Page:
Refluxing Zn3Al – DS in butanol ensures the dispersion of LDH platelets in the organic solvent, giving a colloidal solution containing anionic clays with enhanced surface properties. To perform the exchange reaction with urease, this delaminated phase was first transferred into water and put in the presence of urease solution. This stepwise procedure prevents any possible denaturation of the enzyme by the organic phase. The stepwise exchange reaction is monitored by XR diffraction and FTIR analysis. Fig. 1 shows the X-ray diffraction patterns and FTIR spectra of precursors and hybrid LDH materials. The diffractogram of the Zn3Al(OH)6ClI2H2O LDH phase is presented as a reference diffraction pattern, indexed in the R –3 m hexagonal system. As expected for this preparation method, the hybrid materials display a low crystallinity due to a high dispersion of platelets and a low degree of ordered restacking. However, the occurrence of the (012) and (110) diffraction lines is an evidence of the structural stability of the inorganic matrix during the synthesis. We must point out the intercalation of phosphate anions during the contact step with the buffered urease solution. Highly charge HPO42 groups have a high affinity for anionic exchanger LDH and intercalation can be easily promoted when charge compensation is needed. Indeed, large negative biomolecules such as urease with low surface charge density will not succeed to totally neutralize the positive charge of the layers and coexchange of smaller anions must occur. FTIR spectra of Zn2Al –Urease materials (Fig. 1B, curve c) exhibit vibration bands of both phosphate and urease. However, the vibration bands of urease are intense indicating that the presence of phosphate does not affect the immobilization of urease.

3. Results and discussion 3.1. Characterization of the ZnAl –Urease hybrid material The development of biosensors based on LDH matrixes not only requires an adequate microenvironment created by LDH nanoparticles for enzyme immobilisation without any conformational change, but also this host material must have a good biocompatibility without any inhibition effect. Due to their anion exchange properties, the Layered Double Hydroxides constitute the most suitable layered inorganic host structures for the intercalation/adsorption of biomolecules. Urease with an isoelectric point equal to 5.1 displays an overall negative charge in the standard pH conditions of the work and can be easily exchanged on LDH. Moreover, amino acids units of enzymes with polar functions favor strong hydrogen bonding interactions with the LDH layer surfaces entirely covered by OH groups. This high charge compatibility between both biomolecule and inorganic matrix leads to efficient hybrid organic – inorganic aggregations. With the objective to optimise the biocompatibility and the stabilization of urease on the biosensor electrode, a specific preparation method of hybrid Zn3Al – Urease LDH was developed. Intercalation of large biomolecules in layered materials is not possible using a standard exchange method due to strong layer – layer interactions. First, hydrophobic Zn3Al LDH is obtained by intercalation of an anionic hydrophobic surfactant (namely dodecylsulfate, DS) by the coprecipitation method.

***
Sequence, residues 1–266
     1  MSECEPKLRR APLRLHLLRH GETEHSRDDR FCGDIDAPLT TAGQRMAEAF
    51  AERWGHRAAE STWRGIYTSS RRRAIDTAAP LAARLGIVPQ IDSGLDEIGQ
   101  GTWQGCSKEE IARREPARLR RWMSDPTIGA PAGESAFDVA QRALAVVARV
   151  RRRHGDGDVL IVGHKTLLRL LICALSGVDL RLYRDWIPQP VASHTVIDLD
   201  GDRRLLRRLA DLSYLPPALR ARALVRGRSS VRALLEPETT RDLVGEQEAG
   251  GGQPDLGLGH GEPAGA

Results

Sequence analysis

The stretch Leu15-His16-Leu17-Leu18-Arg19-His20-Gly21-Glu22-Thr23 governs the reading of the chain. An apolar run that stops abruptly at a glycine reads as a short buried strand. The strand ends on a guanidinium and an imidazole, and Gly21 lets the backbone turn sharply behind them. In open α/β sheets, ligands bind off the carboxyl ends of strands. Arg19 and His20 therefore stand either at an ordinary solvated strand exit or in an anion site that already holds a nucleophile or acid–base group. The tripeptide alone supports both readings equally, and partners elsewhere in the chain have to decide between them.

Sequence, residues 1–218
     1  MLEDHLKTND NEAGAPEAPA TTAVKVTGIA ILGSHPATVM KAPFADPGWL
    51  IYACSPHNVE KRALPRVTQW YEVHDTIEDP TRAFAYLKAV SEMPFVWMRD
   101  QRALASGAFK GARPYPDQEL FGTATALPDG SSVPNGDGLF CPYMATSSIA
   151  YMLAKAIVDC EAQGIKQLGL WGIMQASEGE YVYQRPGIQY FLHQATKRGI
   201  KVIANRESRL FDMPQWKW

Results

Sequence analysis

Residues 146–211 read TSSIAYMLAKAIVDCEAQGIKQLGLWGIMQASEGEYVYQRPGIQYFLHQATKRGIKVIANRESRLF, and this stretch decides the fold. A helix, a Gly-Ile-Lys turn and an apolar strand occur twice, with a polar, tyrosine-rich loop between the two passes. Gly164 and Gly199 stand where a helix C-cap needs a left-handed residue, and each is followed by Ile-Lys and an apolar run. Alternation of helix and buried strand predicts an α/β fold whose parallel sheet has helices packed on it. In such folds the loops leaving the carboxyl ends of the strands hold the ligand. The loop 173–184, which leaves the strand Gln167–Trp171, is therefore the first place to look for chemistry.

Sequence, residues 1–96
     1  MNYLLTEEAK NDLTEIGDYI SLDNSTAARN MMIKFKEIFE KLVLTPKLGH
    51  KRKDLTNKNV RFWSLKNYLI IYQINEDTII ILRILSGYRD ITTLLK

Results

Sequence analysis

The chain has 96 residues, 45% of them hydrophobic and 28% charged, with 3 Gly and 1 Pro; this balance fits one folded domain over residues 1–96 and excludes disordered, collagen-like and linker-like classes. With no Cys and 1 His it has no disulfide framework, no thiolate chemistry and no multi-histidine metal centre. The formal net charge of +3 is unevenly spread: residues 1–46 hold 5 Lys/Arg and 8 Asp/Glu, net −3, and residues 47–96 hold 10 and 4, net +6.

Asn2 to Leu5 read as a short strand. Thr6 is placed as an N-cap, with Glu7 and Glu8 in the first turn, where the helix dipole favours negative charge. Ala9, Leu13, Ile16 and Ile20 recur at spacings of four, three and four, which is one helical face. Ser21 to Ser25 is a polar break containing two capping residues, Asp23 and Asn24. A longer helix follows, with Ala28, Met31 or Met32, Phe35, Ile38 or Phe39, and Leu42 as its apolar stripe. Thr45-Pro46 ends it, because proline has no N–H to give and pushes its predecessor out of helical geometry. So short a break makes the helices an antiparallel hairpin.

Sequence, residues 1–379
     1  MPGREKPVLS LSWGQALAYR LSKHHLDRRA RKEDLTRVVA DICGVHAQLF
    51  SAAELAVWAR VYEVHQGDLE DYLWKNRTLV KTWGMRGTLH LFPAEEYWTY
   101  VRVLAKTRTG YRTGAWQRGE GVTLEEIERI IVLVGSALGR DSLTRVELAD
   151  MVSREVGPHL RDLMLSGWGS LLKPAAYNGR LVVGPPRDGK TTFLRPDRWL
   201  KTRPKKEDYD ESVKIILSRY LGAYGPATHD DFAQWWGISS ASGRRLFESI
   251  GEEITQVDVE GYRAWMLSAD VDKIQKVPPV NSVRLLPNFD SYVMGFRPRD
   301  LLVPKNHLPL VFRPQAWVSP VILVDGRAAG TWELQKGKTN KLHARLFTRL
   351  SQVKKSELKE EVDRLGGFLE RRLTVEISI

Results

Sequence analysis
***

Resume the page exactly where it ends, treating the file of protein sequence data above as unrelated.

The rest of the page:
3.2. Capacitance measurements The IS surface was modified with 20 AL of the hybrid ZnAl –Urease LDH. The intercalated bio-inorganic system is given by the conceptual picture of urease LDH composite film deposit on the pH-sensitive structure (Fig. 2). Electrochemical measurements were performed in a 5 mM PB (ionic strength from 70 mM NaCl) solution, at pH 7.4. The potentiometric